It's possible that like Fortnite where it's timed out—each game has that slowly constricting storm that forces all the players into contact—the game could have an earthquake that reduces the structures to rubble. West Coast earthquake cities with a lot of people, I’m thinking Portland because I live here but maybe even better in LA or Seattle. But then localization—playable in Japanese—the game could be set in Tokyo. Or, for the Spanish language, set in Santiago de Chile. Indonesia had a subduction zone earthquake in 2004. Similar concepts but new game mechanics could be done for coastal megacities anywhere in the world, where the water rises as the game progresses and people are deciding how to retreat or reinforce, building on higher ground or floating the burbs of a New York City or Miami.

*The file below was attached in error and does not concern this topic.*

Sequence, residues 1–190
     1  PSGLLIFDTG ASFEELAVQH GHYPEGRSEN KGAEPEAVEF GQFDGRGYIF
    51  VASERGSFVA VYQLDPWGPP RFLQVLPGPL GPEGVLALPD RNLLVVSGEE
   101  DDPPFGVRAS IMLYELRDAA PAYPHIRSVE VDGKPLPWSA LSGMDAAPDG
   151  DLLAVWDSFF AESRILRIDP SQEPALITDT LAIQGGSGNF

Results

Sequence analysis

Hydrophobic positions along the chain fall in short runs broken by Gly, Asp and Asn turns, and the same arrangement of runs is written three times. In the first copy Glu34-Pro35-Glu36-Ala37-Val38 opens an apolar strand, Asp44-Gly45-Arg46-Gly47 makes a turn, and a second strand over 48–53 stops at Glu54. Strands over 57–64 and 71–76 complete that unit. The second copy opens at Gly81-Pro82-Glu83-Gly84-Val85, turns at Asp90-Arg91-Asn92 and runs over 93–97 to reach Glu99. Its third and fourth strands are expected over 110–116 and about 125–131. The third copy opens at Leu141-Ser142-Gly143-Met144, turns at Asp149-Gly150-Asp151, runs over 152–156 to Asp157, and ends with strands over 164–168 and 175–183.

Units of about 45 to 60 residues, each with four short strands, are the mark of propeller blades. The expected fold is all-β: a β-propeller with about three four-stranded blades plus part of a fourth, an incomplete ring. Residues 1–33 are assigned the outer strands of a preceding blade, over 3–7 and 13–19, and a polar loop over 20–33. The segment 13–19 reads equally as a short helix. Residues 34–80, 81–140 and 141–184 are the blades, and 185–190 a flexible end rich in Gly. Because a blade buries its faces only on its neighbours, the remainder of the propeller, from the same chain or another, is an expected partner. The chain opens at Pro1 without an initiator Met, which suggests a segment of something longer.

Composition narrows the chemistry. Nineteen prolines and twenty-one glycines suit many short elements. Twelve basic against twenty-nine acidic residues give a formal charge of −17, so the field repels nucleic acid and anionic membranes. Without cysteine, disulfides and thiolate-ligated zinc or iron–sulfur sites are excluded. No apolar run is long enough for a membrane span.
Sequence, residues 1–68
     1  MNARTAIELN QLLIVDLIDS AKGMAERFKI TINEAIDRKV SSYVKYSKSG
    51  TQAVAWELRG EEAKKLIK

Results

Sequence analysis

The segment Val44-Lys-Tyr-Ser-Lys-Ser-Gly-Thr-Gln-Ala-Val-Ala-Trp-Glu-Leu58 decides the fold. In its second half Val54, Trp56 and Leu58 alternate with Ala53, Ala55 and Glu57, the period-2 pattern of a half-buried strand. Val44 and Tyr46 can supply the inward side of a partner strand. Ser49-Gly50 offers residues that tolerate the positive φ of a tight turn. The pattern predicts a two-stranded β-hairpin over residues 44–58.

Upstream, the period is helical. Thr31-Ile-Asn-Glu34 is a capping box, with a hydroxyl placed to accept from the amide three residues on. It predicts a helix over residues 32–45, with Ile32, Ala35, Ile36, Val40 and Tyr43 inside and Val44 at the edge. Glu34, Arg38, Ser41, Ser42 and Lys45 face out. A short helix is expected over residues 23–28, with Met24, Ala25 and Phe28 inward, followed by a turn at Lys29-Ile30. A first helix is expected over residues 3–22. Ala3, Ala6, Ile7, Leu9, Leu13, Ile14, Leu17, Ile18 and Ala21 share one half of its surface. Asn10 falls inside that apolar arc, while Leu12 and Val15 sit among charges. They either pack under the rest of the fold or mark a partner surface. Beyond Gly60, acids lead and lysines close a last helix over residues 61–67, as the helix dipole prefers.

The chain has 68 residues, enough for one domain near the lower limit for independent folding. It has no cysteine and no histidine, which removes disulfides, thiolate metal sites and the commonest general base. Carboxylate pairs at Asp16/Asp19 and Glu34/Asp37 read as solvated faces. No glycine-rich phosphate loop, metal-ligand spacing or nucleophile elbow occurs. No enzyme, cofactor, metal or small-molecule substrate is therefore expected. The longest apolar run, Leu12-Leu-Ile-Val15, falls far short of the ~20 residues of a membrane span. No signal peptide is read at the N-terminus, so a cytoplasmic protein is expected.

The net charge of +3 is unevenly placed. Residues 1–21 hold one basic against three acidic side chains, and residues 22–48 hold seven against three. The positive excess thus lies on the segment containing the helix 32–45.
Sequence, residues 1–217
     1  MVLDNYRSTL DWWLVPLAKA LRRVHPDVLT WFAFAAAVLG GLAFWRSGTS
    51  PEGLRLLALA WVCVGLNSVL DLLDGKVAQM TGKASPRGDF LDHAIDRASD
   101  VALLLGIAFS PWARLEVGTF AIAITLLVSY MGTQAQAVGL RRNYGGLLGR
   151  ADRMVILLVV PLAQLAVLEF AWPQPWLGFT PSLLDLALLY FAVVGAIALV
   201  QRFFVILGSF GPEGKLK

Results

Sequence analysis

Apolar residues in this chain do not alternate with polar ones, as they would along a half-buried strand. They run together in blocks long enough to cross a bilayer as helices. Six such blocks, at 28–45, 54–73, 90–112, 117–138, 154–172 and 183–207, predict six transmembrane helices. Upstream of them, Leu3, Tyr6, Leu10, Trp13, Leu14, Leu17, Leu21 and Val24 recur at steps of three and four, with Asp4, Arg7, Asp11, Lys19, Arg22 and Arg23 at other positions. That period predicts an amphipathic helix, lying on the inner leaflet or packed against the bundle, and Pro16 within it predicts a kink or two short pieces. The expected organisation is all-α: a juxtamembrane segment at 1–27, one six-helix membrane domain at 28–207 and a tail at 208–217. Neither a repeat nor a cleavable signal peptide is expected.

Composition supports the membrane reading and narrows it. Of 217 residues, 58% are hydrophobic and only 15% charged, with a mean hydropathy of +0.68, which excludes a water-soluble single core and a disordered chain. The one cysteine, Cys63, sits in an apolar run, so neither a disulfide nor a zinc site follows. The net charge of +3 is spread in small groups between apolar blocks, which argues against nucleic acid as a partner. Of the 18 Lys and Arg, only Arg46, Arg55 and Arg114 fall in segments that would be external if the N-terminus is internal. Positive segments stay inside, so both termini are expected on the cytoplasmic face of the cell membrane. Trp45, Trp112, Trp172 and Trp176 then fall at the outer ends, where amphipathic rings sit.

A countdown, the coming collapse, that pressure. The structures that are resiliently built (we're getting to that) and remain standing, those continue on in the game. There are in-game ways to finance your creations—it gets crazy. I based a novel on that, it’s a story set in the future. While the software in my book doesn’t deal in the Common Ownership Self-Assessed Tax (or rather, as it's been recently renamed: SALSA, Self-Assessed Licenses Sold via Auction), in the same spirit, some of the game mechanics from the story might work. The bank and the jail, the four player characters: Builder, Looter, Police, and Investor. Naturally the concept is mutable and ongoing, so far it took three years to create the book; three years of thinking and talking with Andy Hoffman, the co-creator of the characters and story; writing and just random chance that happens over time, like reading Glen Weyl and Eric Posner's book and then seeing NC3D's model listed in the Design Week open houses calendar and talking with them and seeing their model.